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July 1st, 2009 | 0 comments | Posted by Diana

Normally, I scoff when a performer starts spouting bologna like, “What I really want to do is direct.”

But M.I.A. is special, y’know? She’s got vision, identity, real aesthetic. If lady wants to direct, the lady should direct! And she’s done that–the brash singer just unveiled her directorial debut, the music video for Rye Rye’s booty-shakin’, beat-tastic “Bang” (a track that also features M.I.A.’s vocal styling).

The spot is exactly as you might imagine: a glossed lo-fi homage to VHS, heavy with raw energy, physicality and retro neon spirit. It’s a throwback, to be sure, and not just one for the hipsters. Like the lady in the director’s chair, the vid couldn’t be more hot right now.

And so, we dance.

[via Pitchfork]

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They Killed It

March 24th, 2009 | 0 comments | Posted by Diana

If I had known that the two Kill Bill Volumes could be boiled down to exactly one minute, completed in one simple dolly shot, I NEVER would have sat through the achingly long four hours and seven minutes of Tarantino film masturbation homage. Ever.

Not only could such a thing be done, but it was done, recently. Note the achievement of some students from York University:

I want $14.50 and all 136 minutes (the length of Volume 2) of my life back. NOW.

[via I Heart Chaos]

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The Abbey Dawn of a New Sartorial Age

September 15th, 2008 | 0 comments | Posted by Jen

Avril Lavigne debuted her new fashion label, Abbey Dawn, in Tokyo this weekend, ripping off paying homage to every major rock and pop icon of the late 20th century. Everything from punk to pop and glam to grunge was sent down the runway in the singer’s first juniors’ collection for Kohl’s.

There was a nod to Sid Vicious:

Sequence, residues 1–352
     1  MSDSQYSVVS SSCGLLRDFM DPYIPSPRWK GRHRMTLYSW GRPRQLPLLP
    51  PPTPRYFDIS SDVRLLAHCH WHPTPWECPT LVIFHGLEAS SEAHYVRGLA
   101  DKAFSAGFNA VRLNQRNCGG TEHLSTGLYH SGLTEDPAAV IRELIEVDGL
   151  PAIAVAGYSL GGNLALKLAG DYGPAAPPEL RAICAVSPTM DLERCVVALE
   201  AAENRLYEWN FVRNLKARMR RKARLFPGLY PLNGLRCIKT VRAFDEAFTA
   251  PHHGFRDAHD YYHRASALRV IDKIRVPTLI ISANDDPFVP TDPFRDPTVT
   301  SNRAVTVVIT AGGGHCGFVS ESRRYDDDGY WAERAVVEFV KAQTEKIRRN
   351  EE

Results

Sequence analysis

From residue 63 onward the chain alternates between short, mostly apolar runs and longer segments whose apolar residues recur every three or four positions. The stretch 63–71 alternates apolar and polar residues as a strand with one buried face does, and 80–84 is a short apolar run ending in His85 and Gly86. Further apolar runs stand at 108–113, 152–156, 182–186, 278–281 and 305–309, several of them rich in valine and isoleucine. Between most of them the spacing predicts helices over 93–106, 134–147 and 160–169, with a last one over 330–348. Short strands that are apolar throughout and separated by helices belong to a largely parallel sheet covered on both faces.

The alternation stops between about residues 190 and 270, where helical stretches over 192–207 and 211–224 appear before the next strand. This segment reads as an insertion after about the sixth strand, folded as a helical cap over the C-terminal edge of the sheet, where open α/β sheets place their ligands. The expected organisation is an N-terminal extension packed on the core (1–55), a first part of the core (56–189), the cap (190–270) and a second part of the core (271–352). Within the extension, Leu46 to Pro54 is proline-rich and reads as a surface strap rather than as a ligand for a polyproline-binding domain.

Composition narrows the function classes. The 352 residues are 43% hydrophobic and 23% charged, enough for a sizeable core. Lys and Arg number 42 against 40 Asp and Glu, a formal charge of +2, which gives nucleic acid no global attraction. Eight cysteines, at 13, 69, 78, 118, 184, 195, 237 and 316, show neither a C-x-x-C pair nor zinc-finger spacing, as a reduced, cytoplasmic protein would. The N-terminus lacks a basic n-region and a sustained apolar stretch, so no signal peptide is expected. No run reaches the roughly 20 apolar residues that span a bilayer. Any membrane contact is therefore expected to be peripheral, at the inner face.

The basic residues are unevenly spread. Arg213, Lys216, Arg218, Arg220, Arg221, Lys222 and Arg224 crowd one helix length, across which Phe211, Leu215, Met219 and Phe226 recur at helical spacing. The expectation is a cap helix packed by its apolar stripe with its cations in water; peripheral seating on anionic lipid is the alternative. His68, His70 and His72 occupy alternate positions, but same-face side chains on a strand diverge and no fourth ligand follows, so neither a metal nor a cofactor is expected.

And to early Madonna:

To Kurt Cobain:

And even to fictional and truly truly truly outrageous riot grrrl Jem:

Then there was this paean to, um, Avril herself:

Hmm. Did I say that she paid homage to “every major rock and pop icon of the late 20th century”? I guess what I meant was that Avril gave big-ups to “…many major rock and pop icons of the late 20th century, and one marginally-talented, tie-wearing random.”

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Apparently, Art Hates Confrontasian

May 22nd, 2008 | 0 comments | Posted by Diana

I can understand why iconic sculptor Lei Yixin chose this (see above) particular depiction of Martin Luther King, Jr. (based on a famous photograph of the civil rights pioneer in front of a picture of Gandhi, see below) for King’s official monument in D.C. –he looks strong, serious, proud, revolutionary, powerful, stern, and even angry.

These are all qualities my parents and parents’ parents and parents’ parents’ parents sought (or seek) to embody. I can only imagine the same applies to Lei–after all, he looks kinda like a cross between my grandpa and crazy uncle Mon. To break it down, it seems that stern, angry, coolly calm men remind us of our fathers, and we want our leaders to be kinda like our VIP dads. Ergo, I love King, I love the statue.

Sure, one could have chosen a soft-focus, cuddly portrayal of King, but that would hardly have encapsulated the “fierce urgency of now” that drove King to act. A soft-focus, cuddly portrayal might simply render the monument a vision of a complacent urgency of whenever, and that’s hardly an active legacy.

So why is the U.S. Commission of Fine Arts so unhappy? Did they not have a stern dad?

From Washington Post:

The U.S. Commission of Fine Arts thinks “the colossal scale and Social Realist style of the proposed statue recalls a genre of political sculpture that has recently been pulled down in other countries,” commission secretary Thomas Luebke said in a letter in April.


Well that seems like a a reasonable argument.

Or maybe the Fine Arts Commission doesn’t like the image of an angry black man ruining its sculpted documentation of history. Who knows?

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Thanks, Edana!

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Not Quite Thriller

July 20th, 2007 | 0 comments | Posted by Jen

If a zombie who couldn’t dance and who had a spastic shoulder startled you in a dark alley, would you scream?

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